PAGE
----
Half of charity leaders consider quitting amid mental health crisis

10 May 2021

The charity sector is facing a potential leadership crisis after new research* found nearly half of senior leaders are considering walking away due to burnout.

In a survey of charity leaders by specialist insurer Ecclesiastical almost half (44%) admitted they were considering their futures as a result of the increased demands due to COVID-19 - a major cause for concern for a sector under pressure from staff and volunteer burnout.

These stark findings follow on from Ecclesiastical’s Charity Risk Barometer, released earlier this year, which found that two thirds of charities had seen an increase in staff stress levels since the beginning of the pandemic, sparking fears that burnout among charity employees and volunteers may cause them to walk away from the sector.

The latest study also found that two thirds (66%) of charity leaders were concerned about the effect that staff burnout could have on their charity – in particular not being able to provide services to users (36%) who have become dependent on the support they offer.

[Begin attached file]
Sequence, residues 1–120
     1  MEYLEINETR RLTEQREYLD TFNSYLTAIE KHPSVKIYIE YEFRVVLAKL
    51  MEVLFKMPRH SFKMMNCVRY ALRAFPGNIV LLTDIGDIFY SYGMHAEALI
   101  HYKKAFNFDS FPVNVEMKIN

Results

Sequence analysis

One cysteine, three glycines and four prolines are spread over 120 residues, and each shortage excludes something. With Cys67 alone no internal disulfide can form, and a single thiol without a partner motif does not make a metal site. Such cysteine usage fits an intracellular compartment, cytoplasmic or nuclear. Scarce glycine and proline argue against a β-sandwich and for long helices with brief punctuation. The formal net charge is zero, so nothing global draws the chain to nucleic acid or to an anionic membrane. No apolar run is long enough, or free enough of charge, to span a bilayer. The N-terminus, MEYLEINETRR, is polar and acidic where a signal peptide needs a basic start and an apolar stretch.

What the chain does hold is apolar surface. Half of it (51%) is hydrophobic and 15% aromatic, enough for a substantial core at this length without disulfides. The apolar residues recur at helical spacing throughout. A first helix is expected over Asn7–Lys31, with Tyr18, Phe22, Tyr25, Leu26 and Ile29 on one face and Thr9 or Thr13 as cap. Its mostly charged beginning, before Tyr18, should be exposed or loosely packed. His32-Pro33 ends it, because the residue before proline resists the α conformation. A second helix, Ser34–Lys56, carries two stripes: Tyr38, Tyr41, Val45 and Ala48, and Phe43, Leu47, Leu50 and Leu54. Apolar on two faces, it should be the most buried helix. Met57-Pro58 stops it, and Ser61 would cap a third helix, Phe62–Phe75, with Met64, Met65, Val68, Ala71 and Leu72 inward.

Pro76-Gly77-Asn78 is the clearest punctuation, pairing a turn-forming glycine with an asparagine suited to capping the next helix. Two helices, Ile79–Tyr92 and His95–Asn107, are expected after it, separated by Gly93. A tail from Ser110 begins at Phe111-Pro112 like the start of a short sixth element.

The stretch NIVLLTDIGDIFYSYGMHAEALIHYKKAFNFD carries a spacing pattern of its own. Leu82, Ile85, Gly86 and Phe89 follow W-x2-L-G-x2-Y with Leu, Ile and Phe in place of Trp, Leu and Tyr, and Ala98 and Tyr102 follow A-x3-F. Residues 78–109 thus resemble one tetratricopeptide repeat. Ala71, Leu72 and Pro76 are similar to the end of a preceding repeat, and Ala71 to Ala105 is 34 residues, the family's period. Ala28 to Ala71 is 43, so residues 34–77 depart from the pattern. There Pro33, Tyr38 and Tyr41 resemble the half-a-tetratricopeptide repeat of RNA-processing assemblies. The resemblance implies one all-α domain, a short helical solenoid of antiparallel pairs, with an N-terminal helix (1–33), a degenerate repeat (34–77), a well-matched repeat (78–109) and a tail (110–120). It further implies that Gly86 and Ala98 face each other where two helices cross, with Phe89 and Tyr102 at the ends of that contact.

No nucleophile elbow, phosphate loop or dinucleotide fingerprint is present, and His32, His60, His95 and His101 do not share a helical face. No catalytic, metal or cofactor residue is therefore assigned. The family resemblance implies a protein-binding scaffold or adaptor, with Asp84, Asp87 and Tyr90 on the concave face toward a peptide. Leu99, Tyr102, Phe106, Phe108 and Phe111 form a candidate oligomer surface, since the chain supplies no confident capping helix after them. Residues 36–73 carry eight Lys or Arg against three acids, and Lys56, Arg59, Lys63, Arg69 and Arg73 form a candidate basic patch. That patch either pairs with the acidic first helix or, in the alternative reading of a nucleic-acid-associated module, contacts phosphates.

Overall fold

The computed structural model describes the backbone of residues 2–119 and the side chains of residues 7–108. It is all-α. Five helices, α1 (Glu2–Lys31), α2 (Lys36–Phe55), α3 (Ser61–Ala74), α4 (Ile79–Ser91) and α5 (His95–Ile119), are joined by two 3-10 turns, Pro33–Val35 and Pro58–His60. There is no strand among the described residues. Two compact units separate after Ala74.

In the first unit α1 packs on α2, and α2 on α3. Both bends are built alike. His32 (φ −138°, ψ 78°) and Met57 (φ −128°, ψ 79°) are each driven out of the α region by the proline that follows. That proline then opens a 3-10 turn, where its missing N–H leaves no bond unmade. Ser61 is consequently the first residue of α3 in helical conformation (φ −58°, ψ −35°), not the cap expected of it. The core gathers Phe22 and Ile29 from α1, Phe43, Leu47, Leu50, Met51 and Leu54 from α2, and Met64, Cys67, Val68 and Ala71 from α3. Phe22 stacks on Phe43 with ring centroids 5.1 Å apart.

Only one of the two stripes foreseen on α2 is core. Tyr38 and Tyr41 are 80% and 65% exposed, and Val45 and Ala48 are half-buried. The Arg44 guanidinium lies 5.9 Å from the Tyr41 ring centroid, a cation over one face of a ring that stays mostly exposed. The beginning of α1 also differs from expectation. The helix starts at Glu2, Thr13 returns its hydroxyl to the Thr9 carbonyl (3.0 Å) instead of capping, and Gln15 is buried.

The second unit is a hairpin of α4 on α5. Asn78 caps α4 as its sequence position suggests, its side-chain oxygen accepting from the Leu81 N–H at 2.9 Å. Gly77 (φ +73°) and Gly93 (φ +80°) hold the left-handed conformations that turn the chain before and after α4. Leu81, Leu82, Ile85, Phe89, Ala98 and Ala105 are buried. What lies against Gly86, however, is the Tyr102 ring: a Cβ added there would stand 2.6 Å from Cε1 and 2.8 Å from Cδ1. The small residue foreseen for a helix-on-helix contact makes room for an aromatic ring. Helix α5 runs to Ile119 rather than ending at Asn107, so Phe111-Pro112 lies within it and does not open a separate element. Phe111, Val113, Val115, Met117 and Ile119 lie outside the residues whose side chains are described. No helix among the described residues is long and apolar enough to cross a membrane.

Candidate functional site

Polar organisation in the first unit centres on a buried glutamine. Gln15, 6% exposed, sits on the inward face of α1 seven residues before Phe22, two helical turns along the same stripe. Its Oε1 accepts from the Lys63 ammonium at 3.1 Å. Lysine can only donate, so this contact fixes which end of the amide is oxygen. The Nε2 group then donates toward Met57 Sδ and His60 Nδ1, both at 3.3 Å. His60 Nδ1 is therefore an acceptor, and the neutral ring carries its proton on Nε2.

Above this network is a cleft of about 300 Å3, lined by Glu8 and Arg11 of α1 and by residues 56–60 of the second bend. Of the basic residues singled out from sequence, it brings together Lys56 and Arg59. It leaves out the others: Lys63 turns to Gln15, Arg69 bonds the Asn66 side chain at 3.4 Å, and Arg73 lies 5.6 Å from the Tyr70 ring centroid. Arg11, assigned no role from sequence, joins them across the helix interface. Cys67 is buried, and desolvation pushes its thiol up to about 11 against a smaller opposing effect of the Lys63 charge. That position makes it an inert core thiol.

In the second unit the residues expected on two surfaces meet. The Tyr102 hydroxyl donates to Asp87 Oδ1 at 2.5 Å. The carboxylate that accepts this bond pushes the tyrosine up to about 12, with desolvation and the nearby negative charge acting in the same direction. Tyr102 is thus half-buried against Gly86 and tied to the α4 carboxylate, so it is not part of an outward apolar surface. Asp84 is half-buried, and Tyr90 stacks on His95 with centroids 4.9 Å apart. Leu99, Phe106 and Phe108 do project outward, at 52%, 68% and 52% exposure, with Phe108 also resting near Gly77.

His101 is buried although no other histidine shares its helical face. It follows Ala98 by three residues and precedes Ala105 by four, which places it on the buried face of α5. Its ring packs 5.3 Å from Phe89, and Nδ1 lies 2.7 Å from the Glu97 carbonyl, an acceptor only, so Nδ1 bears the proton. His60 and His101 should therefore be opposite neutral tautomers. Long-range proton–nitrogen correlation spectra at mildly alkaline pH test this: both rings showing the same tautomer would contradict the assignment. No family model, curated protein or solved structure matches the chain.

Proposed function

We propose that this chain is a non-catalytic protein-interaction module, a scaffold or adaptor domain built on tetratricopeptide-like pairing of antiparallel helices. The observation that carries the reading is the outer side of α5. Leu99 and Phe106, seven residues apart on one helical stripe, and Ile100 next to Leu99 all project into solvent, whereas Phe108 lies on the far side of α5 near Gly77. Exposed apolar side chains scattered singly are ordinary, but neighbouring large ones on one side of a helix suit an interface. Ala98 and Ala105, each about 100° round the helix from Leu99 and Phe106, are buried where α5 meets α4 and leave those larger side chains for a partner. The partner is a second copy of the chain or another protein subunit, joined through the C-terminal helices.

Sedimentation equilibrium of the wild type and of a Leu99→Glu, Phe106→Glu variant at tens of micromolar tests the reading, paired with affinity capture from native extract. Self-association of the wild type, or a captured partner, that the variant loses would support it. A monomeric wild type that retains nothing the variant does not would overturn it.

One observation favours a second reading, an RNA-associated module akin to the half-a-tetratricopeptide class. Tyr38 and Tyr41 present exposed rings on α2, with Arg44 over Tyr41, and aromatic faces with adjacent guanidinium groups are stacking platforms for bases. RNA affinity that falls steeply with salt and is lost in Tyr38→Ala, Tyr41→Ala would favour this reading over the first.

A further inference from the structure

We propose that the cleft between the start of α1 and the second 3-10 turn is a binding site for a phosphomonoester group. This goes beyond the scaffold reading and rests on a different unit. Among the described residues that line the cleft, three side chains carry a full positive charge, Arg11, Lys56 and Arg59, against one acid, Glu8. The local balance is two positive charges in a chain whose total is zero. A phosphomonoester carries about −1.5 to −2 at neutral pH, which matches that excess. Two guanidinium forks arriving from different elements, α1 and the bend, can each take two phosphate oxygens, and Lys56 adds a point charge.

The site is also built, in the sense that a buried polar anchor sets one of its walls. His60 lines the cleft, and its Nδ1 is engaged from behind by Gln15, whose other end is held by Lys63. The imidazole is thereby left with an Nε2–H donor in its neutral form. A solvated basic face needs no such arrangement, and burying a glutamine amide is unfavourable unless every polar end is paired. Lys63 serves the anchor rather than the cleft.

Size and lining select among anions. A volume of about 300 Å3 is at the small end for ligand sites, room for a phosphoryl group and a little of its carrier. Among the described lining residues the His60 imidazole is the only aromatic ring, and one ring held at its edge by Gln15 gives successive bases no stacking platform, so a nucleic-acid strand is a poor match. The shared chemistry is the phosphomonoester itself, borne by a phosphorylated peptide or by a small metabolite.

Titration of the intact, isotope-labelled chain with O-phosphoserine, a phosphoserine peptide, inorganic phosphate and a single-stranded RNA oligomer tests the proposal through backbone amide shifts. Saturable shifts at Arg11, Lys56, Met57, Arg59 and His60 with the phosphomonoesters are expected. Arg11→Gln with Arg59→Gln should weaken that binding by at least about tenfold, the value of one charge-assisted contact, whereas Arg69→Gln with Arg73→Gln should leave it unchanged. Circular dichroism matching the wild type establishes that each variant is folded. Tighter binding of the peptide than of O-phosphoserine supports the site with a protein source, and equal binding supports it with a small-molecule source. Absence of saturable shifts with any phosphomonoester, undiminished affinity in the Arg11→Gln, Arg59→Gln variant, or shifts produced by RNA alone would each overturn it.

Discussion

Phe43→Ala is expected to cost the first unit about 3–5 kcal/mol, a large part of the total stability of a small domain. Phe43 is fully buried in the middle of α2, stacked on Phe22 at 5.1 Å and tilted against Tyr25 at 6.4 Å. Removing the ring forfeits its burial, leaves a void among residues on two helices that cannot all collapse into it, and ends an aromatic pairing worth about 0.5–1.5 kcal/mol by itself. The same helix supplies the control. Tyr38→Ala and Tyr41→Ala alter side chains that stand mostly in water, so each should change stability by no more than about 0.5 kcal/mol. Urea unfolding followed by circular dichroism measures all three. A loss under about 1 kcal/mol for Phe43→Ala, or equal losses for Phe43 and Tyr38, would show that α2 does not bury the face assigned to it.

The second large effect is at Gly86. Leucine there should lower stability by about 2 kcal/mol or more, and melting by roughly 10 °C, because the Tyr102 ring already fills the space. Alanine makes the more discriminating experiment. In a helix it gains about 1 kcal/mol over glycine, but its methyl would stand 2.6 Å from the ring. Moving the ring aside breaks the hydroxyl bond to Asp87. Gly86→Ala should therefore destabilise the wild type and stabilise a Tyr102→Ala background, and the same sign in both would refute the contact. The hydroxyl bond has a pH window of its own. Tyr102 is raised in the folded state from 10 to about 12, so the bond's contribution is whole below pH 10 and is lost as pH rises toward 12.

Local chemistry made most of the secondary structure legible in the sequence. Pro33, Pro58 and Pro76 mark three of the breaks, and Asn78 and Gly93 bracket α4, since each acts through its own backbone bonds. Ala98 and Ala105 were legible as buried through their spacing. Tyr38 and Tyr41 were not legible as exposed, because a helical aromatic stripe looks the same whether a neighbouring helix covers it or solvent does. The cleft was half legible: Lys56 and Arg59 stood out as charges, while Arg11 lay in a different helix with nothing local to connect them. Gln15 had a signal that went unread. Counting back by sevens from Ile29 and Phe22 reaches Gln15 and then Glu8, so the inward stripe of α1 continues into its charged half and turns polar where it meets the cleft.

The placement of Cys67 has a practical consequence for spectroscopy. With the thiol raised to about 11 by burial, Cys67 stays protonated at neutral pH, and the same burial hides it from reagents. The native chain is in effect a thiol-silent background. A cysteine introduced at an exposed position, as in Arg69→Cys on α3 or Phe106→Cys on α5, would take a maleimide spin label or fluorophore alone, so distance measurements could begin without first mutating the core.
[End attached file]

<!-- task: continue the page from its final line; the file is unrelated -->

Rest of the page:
Four out of five respondents (81%) admitted it had already become more difficult to meet the needs of service users due to the pandemic, a situation that would be worsened by a loss of staff and volunteers to stress or burnout.

At the same time as the risk of burnout, charities have also seen an increase in anxiety and depression among colleagues since January 2021.

According to Ecclesiastical’s research, two in five charities (44%) had experienced an increase in colleague mental health concerns since the start of 2021. Cases of anxiety (71%), stress (70%), depression (66%) all rose in that time – while a quarter said they had seen an increase in both self-harm (25%) and suicidal feelings (27%).

Mental ill health has been one of the unseen issues of the pandemic, with the latest figures from the Office of National Statistics (ONS) showing that from January to March 2021 nearly one in five (21%) adults were likely to be experiencing some form of depression – an increase from one in ten (10%) prior to the pandemic.

Challenges at home such as child care or home schooling (33%), concerns about the health of family or friends (30%) and fatigue of home working (30%) were all cited as the main concerns for colleagues as the effects of the pandemic impacted on their mental wellbeing.

Facing these challenges alone is not an option for charities, with over half (52%) calling on the government to do more to provide mental health support.

* Survey of 450 charity leaders carried out with OnePoll between Thursday 22 April and Friday 7 May 2021